Today marked the big day – we finally started the build! Our day began in the hotel conference room with the Sheridan crew proudly sporting our red, white and blue Thrivent shirts. We were greeted by the Habitat for Humanity West Hawaii Executive Director, Patrick Hurney, and Deputy Director, Isobel Donovan. They welcomed us with a small gift, and then we jumped right into the real talk, learning more about the “less than sunny” reality of housing in Hawaii.
Some stunning facts:
- As a state, Hawaii has the costliest housing market in the nation
- It also has the third lowest rate of homeownership
- About 52% of Hawaii’s homeless families include one or more adults who are working full or part-time, but don’t earn enough to find permanent shelter
- Hawaii has an insanely competitive Section 8 affordable housing program
- For the past 10 years, the wait list has actually been completely closed with over 6,000 people still on the list
- For just three days this past August, the wait list program was opened. In just those three days, it is estimated that over 12,000 people applied in hopes of receiving one of the mere 50 vouchers available.
To add some context, the two homes that we are working on will cost approximately $180k-$200k for the land, labor and materials, even though each home will actually be valued at over $450k once the work is complete. That means that instead of working 2 or 3 jobs, commuting hours each day, and scraping to make ends meet on an average rent of $1,800, this program will afford the new home-owners a modest, interest-free mortgage that brings their monthly costs closer to the $500-$600 – nearly a third of what they may have paid for housing in the past. On top of these facts and figures, our group also heard stories of how recent Habitat for Humanity homeowners came from even more humble situations, like living in cars, in tents or on beaches. After learning this, our group was more inspired than ever to make a difference.
When we arrived on the work site which was only about 10 minutes from the condo, we met our Worksite Leader, Tony, two Americorps volunteers, David and Kevin, and the organization’s legendary volunteer – Clyde. This inspiring volunteer builds for approximately 40 hours each week, and has helped on 28 out the 31 homes built on the Big Island thus far. We’re all hoping his know-how and steadfast, serving attitude rubs us off on us!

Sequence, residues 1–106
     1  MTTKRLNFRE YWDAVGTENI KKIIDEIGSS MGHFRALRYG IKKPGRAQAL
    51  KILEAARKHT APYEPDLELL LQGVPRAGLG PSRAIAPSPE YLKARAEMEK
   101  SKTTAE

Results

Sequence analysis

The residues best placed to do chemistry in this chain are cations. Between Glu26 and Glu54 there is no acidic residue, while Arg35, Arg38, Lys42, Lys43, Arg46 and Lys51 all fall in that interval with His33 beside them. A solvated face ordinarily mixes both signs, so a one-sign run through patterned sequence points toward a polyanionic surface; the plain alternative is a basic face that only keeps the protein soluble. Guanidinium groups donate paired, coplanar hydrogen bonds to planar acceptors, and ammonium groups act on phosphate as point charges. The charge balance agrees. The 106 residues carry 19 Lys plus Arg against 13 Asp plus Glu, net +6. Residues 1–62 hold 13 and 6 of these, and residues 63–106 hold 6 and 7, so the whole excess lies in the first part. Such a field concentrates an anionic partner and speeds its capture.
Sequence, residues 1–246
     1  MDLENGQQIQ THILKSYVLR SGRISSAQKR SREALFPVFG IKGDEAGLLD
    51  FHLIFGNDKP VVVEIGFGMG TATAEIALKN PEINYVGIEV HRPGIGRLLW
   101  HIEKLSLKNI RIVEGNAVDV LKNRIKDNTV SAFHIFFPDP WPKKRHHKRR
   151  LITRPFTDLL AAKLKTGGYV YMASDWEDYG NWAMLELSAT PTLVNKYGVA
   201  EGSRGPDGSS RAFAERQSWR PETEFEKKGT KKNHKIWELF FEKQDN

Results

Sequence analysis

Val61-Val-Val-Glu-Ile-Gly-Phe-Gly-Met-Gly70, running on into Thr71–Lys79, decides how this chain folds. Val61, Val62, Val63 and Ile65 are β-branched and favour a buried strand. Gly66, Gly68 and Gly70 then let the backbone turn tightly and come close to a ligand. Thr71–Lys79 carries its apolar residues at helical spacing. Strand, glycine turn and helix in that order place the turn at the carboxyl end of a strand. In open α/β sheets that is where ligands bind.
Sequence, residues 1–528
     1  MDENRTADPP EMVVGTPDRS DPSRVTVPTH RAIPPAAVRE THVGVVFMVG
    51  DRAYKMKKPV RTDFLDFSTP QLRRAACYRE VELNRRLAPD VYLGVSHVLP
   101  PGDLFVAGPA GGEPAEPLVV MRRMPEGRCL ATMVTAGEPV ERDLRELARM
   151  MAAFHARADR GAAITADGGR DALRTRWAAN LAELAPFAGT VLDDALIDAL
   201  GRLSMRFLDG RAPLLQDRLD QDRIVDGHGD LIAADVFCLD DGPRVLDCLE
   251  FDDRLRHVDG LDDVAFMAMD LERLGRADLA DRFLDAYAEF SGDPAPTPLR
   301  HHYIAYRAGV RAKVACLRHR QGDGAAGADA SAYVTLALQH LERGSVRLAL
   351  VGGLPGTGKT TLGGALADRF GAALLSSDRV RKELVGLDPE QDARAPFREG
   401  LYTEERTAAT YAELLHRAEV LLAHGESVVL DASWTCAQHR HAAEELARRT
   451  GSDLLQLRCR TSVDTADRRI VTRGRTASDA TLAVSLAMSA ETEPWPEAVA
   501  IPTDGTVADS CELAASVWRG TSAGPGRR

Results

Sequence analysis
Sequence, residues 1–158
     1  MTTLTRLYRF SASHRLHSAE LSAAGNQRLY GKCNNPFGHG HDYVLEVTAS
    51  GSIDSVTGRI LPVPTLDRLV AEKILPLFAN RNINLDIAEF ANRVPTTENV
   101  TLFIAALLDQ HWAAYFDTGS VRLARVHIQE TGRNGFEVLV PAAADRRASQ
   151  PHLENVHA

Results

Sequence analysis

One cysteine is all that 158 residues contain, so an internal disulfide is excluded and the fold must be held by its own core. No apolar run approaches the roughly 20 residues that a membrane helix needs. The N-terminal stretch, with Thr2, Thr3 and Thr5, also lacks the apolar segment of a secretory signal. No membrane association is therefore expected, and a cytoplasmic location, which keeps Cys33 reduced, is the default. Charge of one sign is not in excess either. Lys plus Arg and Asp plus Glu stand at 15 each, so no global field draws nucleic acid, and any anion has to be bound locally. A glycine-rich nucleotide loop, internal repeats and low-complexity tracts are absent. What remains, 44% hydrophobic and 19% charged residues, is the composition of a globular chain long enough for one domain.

To kick things off, the team had a chance to walk around the neighborhood for a bit and check out some of the other builds that have recently been completed. The team agreed that the neighborhood we are building in is extremely nice and modern. It has a beautiful, consistent architectural style that will have the future residents of these homes bursting with pride.
Tony, our patient and experienced site leader who has been doing this for 27 years now, started the group on a project for two homes where the families just moved in recently. Although the homes are complete inside, there are still some finishing touches required outside, including framing and pouring cement slabs outside of the patios and garage entry doors. Tony refreshed us on math fundamentals like the Pythagorean Theorem (say that 10 times fast) to make sure our angles were perfect and batter boards were level. The plan for tomorrow is to continue through the framing process, mix and pour the cement, and hopefully get close to completing this project.
As a double bonus to our day, we made yet another Nebraska connection and added another Hawaiian word to our vocabulary. We learned that our Volunteer Coordinator, Auntie Pili, who has lived on the island all her life, married a man all the way from no other than… Nebraska. Over lunch she shared stories about her culture, her Nebraska-born husband (who passed away about 8 years ago), and the funny quirks she recalled from her visits to our state. She also taught us that the word “kolohe” is Hawaiian for “rascal”. This happened to be the nickname she endearingly gave to one of our team members! 🙂 **Bonus points if you can figure which group member received this nickname.
Overall, we are all thankful for the relationships we are starting to build and looking forward to seeing them, as well as our work, continue to blossom over the course of the coming days. We ask that you continue to pray for the group, and ensure that we all maintain the patience to learn, the passion to work tirelessly, and the peace to do whatever tasks are asked of us obediently and safely. God bless!
“Let us not grow weary in well-doing, for in due season we shall reap, if we do not lose heart.” – Galatians 6:9
Written by team member, Brie Pinnow